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OCA dismisses appeal in Teranet class action

|Written By Alex Robinson
OCA dismisses appeal in Teranet class action
Julie Parla says the decision makes it clear that under Canadian copyright law, making copies of a work available to the public through the Electronic Land Registration System constitutes publishing under the Copyright Act.

The Ontario Court of Appeal has upheld a decision dismissing a class action lawsuit against Teranet.

Keatley Surveying Ltd. brought the action in 2007 on behalf of Ontario land surveyors against Teranet, which operates the province’s electronic land registry system. Class members claimed that Teranet had infringed on their copyright by digitizing, storing and copying plans of surveys they created and deposited in the system.

After the lawsuit was certified in 2015, both sides moved for summary judgment. A motion judge dismissed the action last year, finding that land surveyors do not hold copyright in plans registered in the system and that therefore the plaintiff had no claim for breach of copyright.

The Court of Appeal upheld the motion judge’s decision in Keatley Surveying v. Teranet, holding statutory provisions give the Crown complete control over the publication of registered plans of survey.

“I am satisfied that certified copies of plans of survey made available to members of the public under the statutory scheme are works published under the ‘direction or control’ of the Crown for the purposes of s. 12 of the Copyright Act,” Justice David Doherty wrote in the decision.

“Pursuant to the terms of that section, copyright in registered or deposited plans of survey ‘belongs’ to the Crown for the period of time prescribed in that section.” 

Julie Parla, one of the lawyers representing Teranet in the appeal, says the decision makes it clear that under Canadian copyright law, making copies of a work available to the public through the Electronic Land Registration System constitutes publishing under the Copyright Act.

She says the decision provides guidance as to how a particular provision of s. 12 of the Copyright Act is meant to function, and that there was little jurisprudence in the area before.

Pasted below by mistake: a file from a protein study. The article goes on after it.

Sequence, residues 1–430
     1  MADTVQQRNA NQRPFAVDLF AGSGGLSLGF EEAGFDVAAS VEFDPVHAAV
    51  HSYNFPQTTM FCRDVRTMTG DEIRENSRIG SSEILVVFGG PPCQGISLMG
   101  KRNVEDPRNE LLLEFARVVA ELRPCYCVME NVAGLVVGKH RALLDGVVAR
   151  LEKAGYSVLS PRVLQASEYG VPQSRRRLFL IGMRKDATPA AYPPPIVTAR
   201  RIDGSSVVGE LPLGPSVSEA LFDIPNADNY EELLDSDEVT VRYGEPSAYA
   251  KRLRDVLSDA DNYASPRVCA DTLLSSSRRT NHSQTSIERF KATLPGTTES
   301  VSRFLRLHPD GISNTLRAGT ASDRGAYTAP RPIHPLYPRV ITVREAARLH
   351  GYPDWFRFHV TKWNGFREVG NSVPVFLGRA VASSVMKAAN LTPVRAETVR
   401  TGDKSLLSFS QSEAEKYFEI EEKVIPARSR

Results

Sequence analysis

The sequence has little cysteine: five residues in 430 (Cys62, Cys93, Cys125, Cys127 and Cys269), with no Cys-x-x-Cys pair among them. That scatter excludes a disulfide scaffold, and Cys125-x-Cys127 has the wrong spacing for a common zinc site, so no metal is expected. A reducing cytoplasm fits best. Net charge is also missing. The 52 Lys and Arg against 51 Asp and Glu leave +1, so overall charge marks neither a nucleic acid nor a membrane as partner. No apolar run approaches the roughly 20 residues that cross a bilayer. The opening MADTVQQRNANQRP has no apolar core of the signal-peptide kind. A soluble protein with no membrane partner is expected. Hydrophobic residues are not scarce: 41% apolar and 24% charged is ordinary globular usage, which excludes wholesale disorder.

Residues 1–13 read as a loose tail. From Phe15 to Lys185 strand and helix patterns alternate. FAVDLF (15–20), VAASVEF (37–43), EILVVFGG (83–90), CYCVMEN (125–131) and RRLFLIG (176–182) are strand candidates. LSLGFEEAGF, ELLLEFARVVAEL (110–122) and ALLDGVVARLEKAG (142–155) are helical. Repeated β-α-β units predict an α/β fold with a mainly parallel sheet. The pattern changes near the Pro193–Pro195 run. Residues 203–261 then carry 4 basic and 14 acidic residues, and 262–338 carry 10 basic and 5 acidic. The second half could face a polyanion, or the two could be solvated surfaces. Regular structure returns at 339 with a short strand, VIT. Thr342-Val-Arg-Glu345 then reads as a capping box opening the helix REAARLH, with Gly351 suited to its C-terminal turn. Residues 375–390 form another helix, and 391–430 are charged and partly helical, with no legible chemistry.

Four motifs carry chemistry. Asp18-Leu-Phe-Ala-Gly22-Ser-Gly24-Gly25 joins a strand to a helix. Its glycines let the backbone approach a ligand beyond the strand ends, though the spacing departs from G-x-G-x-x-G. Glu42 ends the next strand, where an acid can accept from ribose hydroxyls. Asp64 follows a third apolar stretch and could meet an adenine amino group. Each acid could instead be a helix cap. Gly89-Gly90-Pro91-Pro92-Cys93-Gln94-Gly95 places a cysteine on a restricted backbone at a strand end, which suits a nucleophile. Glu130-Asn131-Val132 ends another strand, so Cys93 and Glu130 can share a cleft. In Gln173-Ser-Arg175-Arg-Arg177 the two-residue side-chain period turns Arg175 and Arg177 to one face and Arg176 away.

“There is also helpful guidance in the way in which provincial statutes are interrelated to and can support the federal statute such that those two aspects work together with the result in this case,” says Parla, who is a partner at McCarthy Tétrault LLP.

Garth Myers, counsel for the plaintiffs in the appeal, says the Court of Appeal’s conclusion that copyright had been transferred to the Crown as plans of survey are prepared under the Crown’s direction or control is incorrect.

“Crown copyright has traditionally been held to apply only to works created by the Crown,” says Myers, an associate at Koskie Minsky LLP. “By extending it to any work that the Crown makes publicly available, the Crown has been inappropriately given copyright in all sorts of works for which it ought to have no claim.”

Myers adds the Crown cannot give itself copyright to materials by simply publishing them. He says the decision has impact on all works that are filed by private actors and are then subsequently made public by the Crown.

“According to the Court of Appeal, the copyright in these works transfers to the Crown upon the Crown's publication,” he says.

“In consequence, individuals and corporations must be very careful about submitting valuable copyrighted works in circumstances where they might be published by the Crown.”

The Court of Appeal did not bother considering a cross appeal by Teranet as the dismissal of Keatley’s appeal rendered it moot.

Myers declined to answer whether his client intends to seek leave to appeal the decision from the Supreme Court of Canada.

The Ministry of the Attorney General, which intervened in the appeal, did not provide comment before deadline. 


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